The International Monetary Fund (IMF) will assist Myanmar in its ongoing financial sector, the Paris-based lender said.
The announcement was made following the visit of IMF Managing Director Christine Lagarde to Myanmar.
During her visit, Lagarde met with Myanmar Vice President U Nyan Tun, where the pair discussed reforming Myanmar’s banking system, financial sector and monetary policy as the country emerges from decades of military rule.
As the Myanmar government looks to attract foreign investment, the financial sector is seen as a key area to show that the country’s reforms are genuine and to give investors confidence in operating within the country.
“[Myanmar] is building macroeconomic stability and undertaking the reforms needed for sustaining economic and social prosperity,” Lagarde said. “This comes from the recent reforms undertaken by the government, including adopting a managed floating exchange rate and removing exchange restrictions, establishing an autonomous central bank and significantly increasing spending on health and education. The next step is to build on these gains and take the path of sustained, strong and inclusive growth – to lower poverty and lift the prospects of everyone in Myanmar.”
Also during her visit, Lagarde met with opposition leader Aung San Suu Kyi and delivered a speech at the Yangon University of Economics, where she called on the country to include all Myanmar citizens in the country’s growing economy.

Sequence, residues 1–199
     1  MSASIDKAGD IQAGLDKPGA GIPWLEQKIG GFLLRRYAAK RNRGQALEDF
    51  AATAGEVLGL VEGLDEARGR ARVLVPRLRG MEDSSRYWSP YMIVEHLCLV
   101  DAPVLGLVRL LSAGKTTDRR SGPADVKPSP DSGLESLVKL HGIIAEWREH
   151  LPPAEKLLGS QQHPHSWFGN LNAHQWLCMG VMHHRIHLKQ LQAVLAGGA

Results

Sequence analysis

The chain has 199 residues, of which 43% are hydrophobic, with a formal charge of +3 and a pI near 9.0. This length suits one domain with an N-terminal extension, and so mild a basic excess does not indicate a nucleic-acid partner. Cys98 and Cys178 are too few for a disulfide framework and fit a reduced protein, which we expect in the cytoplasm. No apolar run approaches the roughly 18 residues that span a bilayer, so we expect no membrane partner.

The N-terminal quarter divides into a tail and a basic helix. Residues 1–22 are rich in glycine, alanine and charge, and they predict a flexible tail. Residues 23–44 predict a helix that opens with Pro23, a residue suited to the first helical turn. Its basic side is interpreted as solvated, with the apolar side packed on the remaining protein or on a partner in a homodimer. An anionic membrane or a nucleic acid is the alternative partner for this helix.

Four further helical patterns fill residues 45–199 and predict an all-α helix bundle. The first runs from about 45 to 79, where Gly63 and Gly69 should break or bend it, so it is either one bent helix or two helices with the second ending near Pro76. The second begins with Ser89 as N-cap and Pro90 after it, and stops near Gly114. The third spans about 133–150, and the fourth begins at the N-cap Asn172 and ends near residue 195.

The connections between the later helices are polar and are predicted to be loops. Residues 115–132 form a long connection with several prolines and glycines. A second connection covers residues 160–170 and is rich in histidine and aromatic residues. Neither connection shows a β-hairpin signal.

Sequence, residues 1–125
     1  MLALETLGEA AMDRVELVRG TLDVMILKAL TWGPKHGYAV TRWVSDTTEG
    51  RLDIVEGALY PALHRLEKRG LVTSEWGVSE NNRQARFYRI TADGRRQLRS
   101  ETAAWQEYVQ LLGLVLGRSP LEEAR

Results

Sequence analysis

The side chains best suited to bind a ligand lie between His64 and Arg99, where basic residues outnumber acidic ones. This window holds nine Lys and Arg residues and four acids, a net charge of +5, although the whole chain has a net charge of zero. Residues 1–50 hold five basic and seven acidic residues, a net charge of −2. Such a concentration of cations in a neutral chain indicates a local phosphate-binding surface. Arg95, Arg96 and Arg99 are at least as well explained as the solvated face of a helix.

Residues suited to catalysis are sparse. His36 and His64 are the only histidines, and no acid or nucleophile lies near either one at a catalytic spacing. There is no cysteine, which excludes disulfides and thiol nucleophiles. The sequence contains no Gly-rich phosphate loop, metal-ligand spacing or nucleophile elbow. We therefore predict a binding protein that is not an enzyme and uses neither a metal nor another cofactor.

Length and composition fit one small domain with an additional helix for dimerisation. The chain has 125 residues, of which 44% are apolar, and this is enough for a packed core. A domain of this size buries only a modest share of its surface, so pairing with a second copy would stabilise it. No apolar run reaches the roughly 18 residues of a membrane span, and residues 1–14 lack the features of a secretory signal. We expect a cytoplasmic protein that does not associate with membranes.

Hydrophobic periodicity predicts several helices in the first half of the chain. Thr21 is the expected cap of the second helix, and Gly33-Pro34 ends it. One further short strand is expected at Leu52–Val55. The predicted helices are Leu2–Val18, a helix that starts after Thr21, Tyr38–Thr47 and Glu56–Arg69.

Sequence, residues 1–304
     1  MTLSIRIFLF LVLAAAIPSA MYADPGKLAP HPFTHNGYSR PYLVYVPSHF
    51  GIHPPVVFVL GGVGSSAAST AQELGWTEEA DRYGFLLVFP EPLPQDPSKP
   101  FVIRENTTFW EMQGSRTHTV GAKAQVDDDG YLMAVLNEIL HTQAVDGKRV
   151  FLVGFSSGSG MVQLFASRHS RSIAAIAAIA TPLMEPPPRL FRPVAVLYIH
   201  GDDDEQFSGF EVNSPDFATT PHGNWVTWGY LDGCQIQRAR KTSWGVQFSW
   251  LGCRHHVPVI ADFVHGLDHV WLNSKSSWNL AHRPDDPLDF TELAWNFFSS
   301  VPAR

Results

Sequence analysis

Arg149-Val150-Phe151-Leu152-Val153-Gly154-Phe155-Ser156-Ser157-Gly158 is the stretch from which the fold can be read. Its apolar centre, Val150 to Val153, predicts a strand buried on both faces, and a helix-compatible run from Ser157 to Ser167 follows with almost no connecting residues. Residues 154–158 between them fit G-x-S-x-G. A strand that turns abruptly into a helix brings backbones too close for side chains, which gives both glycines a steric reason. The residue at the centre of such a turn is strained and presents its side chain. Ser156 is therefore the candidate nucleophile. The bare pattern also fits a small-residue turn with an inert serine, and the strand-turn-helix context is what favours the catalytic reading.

“Economic policy should always have a preference for the poor. Not just because it is good ethics, but because it is good economics too. With rampant poverty, people are too caught up in their daily struggles to fully develop their potential and contribute to society. It becomes hard to get finance, to get skills and even just to get by.”
She also attended the World Women Forum in Yangon, organised by the French Embassy, the first of its kind to be hosted in Myanmar.
The role of women in Myanmar’s society was a key component of Lagarde’s speech.
“The evidence is clear, when women do better, the economy does better. We have done some work on this at the IMF, showing that if women participated in labour markets to the same extent as men, the gains would be substantial. For example, per capita income could rise by 23 percent in South Asia, and 15 percent in East Asia and the Pacific.”
“As the famous Myanmar proverb puts it, ‘It is the mother’s hands that push the cradle that builds the future of the world.’ I know that Myanmar is blessed with an abundance of female talent from all walks of life. They are ready to contribute and ready to lead.”
IMF predicted that Myanmar’s economy will grow 6.75 percent in the 2013-14 fiscal year as the country continues its reforms.
The IMF has been assisting Myanmar in implementing its policies to ensure economic stability and strengthen reform.